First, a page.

Terror believes they might have succeeded in doing the same to him if he didn’t leave the place when he did. The tragedy was, in his case, they failed, and so he came out toughened up instead of broken. This time, he started to sell drugs. He ventured into Crack and then to Cocaine. But they were both costly. “They sell crack for ₦5,000 per wrap, but it’s a very tiny wrap. You can get cocaine from ₦50,000 and above.”
He also became more involved with pills, especially Rohypnol. He became completely dependent on drugs and was no longer functional enough to further his education after secondary school.
After that fateful day he first started smoking with his sister, they had both advanced slowly to Marijuana, then to cough syrups, and then to pills. But Terror started to surpass her as they grew older and as she got married and moved out of the family home.
“She has reduced her smoking and drugs now that she’s married. But the other day, I went to her house, and I saw a bottle of NGC,” he says.
NGC (Nigerian-German Chemical), a cough medication, has become increasingly abused by youths in the absence of codeine, because of its almost similar effect.
He sold bags and bags of cannabis. “I made a lot of money. I made up to a hundred thousand naira on each round of supply.”
It also helped that during election time, politicians bought bags of drugs for them, along with ammunition they could use to cause electoral violence, he said.
He started to get high off strange things because the regular, accessible drugs were no longer doing it for him. He began to sniff glue, which he referred to fondly as Sholisho, or Sholi for short.
Then, he started to soak new nails in water for days. On the third day, he would drink the water. It made him high. “It’s just like drinking alcohol … The thing is, once you have tasted one particular high, you want to surpass it. So you keep looking for something that can give you a higher sensation. And it begins to alter your brain. Me, once I’m high, I don’t like noise, and if anybody disturbs me, see, I get violent and can go as far as stabbing them.”
When the drugs began to make him violent and terrifying, and his complexion darkened so much that the nickname Yellow lost meaning, the streets renamed him ‘Terror’.
He would draw out his knife and strike at the slightest provocation.
One time, after he stabbed a security man at a Federal College of Education, he was arrested. The experience was not exceptional, and it was not the first. But it is the most annoying for him.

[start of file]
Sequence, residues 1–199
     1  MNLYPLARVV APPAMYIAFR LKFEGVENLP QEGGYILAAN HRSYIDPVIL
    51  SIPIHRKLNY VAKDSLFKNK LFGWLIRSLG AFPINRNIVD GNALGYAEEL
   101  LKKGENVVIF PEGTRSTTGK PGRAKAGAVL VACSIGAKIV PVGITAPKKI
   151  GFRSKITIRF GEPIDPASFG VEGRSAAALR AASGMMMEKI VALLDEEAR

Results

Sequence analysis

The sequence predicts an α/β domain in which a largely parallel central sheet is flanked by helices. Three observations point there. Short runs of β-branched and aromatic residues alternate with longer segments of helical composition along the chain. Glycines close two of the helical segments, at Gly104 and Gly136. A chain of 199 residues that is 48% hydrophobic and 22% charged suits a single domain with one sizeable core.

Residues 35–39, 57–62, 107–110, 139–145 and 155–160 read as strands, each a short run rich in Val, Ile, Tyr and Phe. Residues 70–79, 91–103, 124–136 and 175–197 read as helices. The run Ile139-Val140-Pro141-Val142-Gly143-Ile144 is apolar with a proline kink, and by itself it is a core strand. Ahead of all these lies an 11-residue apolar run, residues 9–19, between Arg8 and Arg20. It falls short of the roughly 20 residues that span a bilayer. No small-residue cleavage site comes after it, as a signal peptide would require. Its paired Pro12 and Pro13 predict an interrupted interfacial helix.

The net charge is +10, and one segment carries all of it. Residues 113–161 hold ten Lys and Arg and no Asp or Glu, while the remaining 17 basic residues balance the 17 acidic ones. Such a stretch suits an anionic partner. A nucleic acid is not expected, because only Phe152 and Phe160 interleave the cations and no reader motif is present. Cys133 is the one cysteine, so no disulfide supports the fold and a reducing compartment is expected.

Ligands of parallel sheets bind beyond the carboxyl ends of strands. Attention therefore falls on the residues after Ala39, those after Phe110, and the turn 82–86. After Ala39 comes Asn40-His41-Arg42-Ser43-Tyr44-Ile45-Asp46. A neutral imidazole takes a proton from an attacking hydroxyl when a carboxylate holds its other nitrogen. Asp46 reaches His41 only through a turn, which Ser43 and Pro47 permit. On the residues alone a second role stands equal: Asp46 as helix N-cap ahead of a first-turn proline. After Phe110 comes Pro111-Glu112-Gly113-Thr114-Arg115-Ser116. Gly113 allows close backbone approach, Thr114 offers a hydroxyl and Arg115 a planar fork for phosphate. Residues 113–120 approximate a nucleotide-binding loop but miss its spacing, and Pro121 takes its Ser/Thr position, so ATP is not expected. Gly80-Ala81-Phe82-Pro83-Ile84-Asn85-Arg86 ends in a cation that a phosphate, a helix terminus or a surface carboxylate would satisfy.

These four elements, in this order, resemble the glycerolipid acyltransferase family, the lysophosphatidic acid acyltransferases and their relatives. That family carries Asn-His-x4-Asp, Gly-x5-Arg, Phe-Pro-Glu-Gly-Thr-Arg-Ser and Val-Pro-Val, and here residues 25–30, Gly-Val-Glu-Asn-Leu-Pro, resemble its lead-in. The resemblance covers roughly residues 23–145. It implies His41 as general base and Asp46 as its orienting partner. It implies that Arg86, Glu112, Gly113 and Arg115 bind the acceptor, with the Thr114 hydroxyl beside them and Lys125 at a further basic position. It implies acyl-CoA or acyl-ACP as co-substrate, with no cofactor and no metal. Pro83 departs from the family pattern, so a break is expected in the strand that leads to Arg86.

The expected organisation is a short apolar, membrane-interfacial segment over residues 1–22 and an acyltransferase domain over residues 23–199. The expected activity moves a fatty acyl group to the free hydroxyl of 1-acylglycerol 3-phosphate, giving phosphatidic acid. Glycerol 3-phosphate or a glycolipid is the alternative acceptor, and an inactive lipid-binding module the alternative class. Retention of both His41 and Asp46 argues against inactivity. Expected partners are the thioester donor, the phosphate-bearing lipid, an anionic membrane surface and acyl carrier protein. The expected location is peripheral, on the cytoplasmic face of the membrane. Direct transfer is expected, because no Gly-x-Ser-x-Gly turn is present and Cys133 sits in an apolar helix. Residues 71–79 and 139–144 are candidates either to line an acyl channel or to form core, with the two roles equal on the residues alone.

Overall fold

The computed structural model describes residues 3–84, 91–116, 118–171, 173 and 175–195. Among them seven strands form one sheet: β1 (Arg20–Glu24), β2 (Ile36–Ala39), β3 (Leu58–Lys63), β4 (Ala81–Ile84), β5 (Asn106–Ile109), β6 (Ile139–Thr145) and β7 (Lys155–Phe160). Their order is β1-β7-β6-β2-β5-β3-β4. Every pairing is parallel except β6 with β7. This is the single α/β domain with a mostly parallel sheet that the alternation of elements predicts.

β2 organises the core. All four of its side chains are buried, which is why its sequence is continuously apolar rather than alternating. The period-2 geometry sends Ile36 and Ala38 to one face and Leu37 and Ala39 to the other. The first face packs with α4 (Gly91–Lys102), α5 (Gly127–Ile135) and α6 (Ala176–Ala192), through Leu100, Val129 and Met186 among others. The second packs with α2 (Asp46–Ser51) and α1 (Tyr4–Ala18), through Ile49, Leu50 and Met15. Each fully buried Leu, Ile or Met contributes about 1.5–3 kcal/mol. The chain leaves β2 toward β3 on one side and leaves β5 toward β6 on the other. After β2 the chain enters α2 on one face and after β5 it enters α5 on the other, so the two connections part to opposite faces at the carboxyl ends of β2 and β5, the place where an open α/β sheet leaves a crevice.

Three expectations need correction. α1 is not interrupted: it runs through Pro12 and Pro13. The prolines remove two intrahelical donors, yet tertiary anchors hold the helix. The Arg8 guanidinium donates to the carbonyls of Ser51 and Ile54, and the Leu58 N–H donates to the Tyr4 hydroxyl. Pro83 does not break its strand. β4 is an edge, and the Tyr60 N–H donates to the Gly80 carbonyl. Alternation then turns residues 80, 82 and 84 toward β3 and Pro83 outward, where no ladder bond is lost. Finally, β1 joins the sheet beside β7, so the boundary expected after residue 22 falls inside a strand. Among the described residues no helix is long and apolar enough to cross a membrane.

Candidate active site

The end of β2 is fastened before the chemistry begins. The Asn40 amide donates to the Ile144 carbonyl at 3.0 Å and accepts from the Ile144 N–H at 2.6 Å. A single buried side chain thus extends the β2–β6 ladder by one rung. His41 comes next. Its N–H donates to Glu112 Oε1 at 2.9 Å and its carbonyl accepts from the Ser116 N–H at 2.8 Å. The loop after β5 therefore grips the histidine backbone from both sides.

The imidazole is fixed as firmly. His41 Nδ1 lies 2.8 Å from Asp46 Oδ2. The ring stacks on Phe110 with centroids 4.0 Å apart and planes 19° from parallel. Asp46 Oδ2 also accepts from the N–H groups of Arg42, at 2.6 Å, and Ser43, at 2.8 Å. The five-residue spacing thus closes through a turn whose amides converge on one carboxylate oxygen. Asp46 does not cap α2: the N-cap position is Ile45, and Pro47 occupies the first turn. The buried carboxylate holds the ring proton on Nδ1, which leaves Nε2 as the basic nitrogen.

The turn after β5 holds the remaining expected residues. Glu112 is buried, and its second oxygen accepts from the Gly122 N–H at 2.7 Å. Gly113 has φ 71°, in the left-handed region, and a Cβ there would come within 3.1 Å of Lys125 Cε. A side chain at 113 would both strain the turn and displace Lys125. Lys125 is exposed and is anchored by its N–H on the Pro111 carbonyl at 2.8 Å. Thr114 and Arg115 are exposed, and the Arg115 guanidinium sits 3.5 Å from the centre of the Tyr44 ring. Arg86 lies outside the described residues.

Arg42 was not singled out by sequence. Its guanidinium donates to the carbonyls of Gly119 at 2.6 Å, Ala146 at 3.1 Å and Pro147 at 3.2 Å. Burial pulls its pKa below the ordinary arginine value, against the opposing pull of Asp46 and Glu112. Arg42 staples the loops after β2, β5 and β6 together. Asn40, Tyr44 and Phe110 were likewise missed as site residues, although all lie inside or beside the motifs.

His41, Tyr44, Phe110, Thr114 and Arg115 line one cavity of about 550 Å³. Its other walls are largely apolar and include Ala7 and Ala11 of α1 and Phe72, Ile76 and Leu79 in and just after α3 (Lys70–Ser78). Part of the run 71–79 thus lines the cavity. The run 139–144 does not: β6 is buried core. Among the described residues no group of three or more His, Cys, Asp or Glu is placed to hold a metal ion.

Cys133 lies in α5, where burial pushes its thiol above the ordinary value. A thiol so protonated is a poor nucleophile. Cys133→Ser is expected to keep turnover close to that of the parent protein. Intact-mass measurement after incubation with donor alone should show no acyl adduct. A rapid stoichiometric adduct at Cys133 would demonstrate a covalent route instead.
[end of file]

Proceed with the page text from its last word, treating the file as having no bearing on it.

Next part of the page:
He had been standing outside the girls’ hostel in the school, trading drugs with a young woman who lived there at the time when she suddenly snatched the tablet of Rohypnol in his hands and bolted inside the hostel, banking on the fact that men were prohibited from entering. Terror was crazed, however, and ran after her. The security man accosted him and held him off. Terror, who was in his enraged state, then drew out his knife and slashed the man’s arm.
He says he was under the influence of Rohypnol and Excol.
How does Rohypnol work?
Rohypnol is an antispasmodic and muscle relaxant. It is a benzodiazepine — a family of drugs used mostly for sedation.
Drug addicts take multiple doses in a day, despite being relatively expensive and even illegal in some countries. Medically, it is mostly for patients about to undergo surgery.
“We use it at times in the theatre as an induction agent in anaesthesia,” says Stephen Yusuf, a resident doctor at Abubakar Tafawa Balewa University Teaching Hospital (ATBUTH), Bauchi. “And it’s made in a small dosage of 1mg … It’s banned in the US because there was a time there, I think, when there was a rampage of rapes, and medical examinations found traces of the substance in the blood of victims.”
It is also known as a date rape drug because the victim is likely not to remember the event clearly afterwards.
“Rohypnol is 10 times stronger than the popular Diazepam … There are certain chemicals in our brain that control our mood called neurotransmitters, so what happens when you abuse the drug is that it promotes the production of a certain neurotransmitter called GABA, which works by depressing the central nervous system. The central nervous system is where most involuntary activities happen,” explains a nurse working in Kano, who is also familiar with Terror’s history.
Abuse of the drug causes extreme and mostly slow involuntary activities, therefore. “You start walking slowly, you start thinking slowly, you even stop thinking at all, because your nerves stop working.”
“Usually, I take up to five pills daily,” Terror says.
“Whenever I take it, my body feels very cool, I feel very calm. I don’t want any form of disturbance at all.”
Ordinarily, abuse of the drug does not make one violent. But it causes an extreme level of tranquility which, if disturbed, can in turn result in extreme violence in some users. This is how it works for Terror.
The drug is very popular amongst drug users in Kano. Terror does not think he can ever do without it. But he believes the only way to stop its abuse is to stop its production or accessibility completely.
“All these drugs, I hope to stop, one day. Because I don’t hope for my own children to be born into this,” he says, his voice turning emotional. “Because this, this is not life. This is not a way to live … I have even reduced it very well now. If it was before, tabdi, we won’t even be able to have this conversation because I would be too high to.”
After the conversation, he and this reporter walk side by side into his hood. There, he talks more about the ostracism he faces for being a drug addict, the constant humiliation from police officers who insist on taking him away even when he isn’t smoking.
He also talks about the many times he’s tried to stay off drugs and how, each time, he fails. He talks about his mother, who still holds out hope that one day, he will stop.
Then, he walks into a small store, purchases a sachet of ‘Arizona’ and begins to roll it into a joint.